Halloween safety tips from APD - WALB.com, South Georgia News, Weather, Sports

Halloween safety tips from APD

Thousands of children will go out trick-or-treating. (Source: WALB) Thousands of children will go out trick-or-treating. (Source: WALB)
The Albany Police Chief reminds parents to check their children's candy before they eat it. (Source: WALB) The Albany Police Chief reminds parents to check their children's candy before they eat it. (Source: WALB)
Michael Persley is the Albany Police Chief. (Source: WALB) Michael Persley is the Albany Police Chief. (Source: WALB)
Persley encourages people to travel in groups. (Source: WALB) Persley encourages people to travel in groups. (Source: WALB)
The police department will be patrolling neighborhoods. (Source: WALB) The police department will be patrolling neighborhoods. (Source: WALB)
ALBANY, GA (WALB) -

As kids head out the door to begin their night of trick or treating, the Albany Police Chief has a message for parents. 

While officers will be patrolling the neighborhoods, Chief Michael Persley said safety begins with how you travel. 

"We want to make sure that when people are out going to a fall festival or just doing traditional trick-or-treating that they go in groups," Persley said.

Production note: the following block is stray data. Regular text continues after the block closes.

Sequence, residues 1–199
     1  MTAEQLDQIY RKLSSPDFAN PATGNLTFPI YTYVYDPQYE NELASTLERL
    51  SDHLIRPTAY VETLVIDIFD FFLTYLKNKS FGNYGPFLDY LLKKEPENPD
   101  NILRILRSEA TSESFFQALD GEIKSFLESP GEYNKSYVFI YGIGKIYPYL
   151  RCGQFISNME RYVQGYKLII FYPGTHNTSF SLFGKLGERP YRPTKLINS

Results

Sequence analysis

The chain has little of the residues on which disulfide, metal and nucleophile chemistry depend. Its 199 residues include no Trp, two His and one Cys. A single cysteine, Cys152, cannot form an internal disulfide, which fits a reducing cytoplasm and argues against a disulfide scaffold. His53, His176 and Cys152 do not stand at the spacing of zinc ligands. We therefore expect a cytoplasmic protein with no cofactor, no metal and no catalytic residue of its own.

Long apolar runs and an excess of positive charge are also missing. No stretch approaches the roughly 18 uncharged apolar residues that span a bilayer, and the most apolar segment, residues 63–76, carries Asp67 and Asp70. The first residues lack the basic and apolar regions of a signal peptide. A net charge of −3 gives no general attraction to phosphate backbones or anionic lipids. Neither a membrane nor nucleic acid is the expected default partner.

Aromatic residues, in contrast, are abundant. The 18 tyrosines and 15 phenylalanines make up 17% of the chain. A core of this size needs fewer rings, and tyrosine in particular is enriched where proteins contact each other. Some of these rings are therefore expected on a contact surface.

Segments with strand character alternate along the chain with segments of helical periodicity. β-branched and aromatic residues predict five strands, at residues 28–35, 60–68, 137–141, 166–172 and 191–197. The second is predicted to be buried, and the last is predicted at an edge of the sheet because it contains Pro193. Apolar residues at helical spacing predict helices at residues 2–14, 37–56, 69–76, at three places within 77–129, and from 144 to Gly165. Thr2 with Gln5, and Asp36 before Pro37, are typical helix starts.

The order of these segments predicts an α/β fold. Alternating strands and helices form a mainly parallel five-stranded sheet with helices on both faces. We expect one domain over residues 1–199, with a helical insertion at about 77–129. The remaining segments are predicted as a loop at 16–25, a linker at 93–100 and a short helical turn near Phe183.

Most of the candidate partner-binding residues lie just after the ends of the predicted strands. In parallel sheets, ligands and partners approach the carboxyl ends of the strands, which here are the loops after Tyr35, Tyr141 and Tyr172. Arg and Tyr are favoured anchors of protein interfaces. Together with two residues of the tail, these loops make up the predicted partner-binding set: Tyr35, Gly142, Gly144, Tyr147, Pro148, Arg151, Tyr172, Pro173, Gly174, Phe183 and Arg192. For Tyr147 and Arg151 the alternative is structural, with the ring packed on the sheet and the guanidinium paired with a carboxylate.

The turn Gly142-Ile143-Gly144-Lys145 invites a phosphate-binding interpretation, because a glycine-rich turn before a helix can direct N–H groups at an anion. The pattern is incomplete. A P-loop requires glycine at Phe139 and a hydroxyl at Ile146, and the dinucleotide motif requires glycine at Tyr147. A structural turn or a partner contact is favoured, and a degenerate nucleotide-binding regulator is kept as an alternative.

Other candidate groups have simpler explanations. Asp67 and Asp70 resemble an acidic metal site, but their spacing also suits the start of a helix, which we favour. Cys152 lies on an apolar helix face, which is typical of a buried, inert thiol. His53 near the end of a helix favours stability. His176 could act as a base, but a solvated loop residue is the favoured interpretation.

Persley says there should always be at least one parent accompanying groups of children to serve as a guide.

As kids wander the neighborhoods, there will still be cars on the streets. So he encourages parents add reflective materials to their children's costumes to help them be visible to drivers. 

"We do know that people will be out and about and you may have an area that is dimly lit and we don't want anyone getting hit by a vehicle," Persley said. 

While it's important to stay safe when you and your children are here on the streets, it's also important to check what's inside buckets or bags once your kid comes home. 

"Inspect it," Persley said. "You don't know what people may try to do."

Chief Persley said if the candy looks like it's tampered with, then throw it away.

If you have suspicions about where it came from, contact your local authorities. 

He says pranks go hand in hand with the holiday but he doesn't want anything to get out of hand.  

"If anyone is out there doing anything criminal or mischievous in nature we want to put a stop to that because you don't want to destroy anyone's fun," Persley said. 

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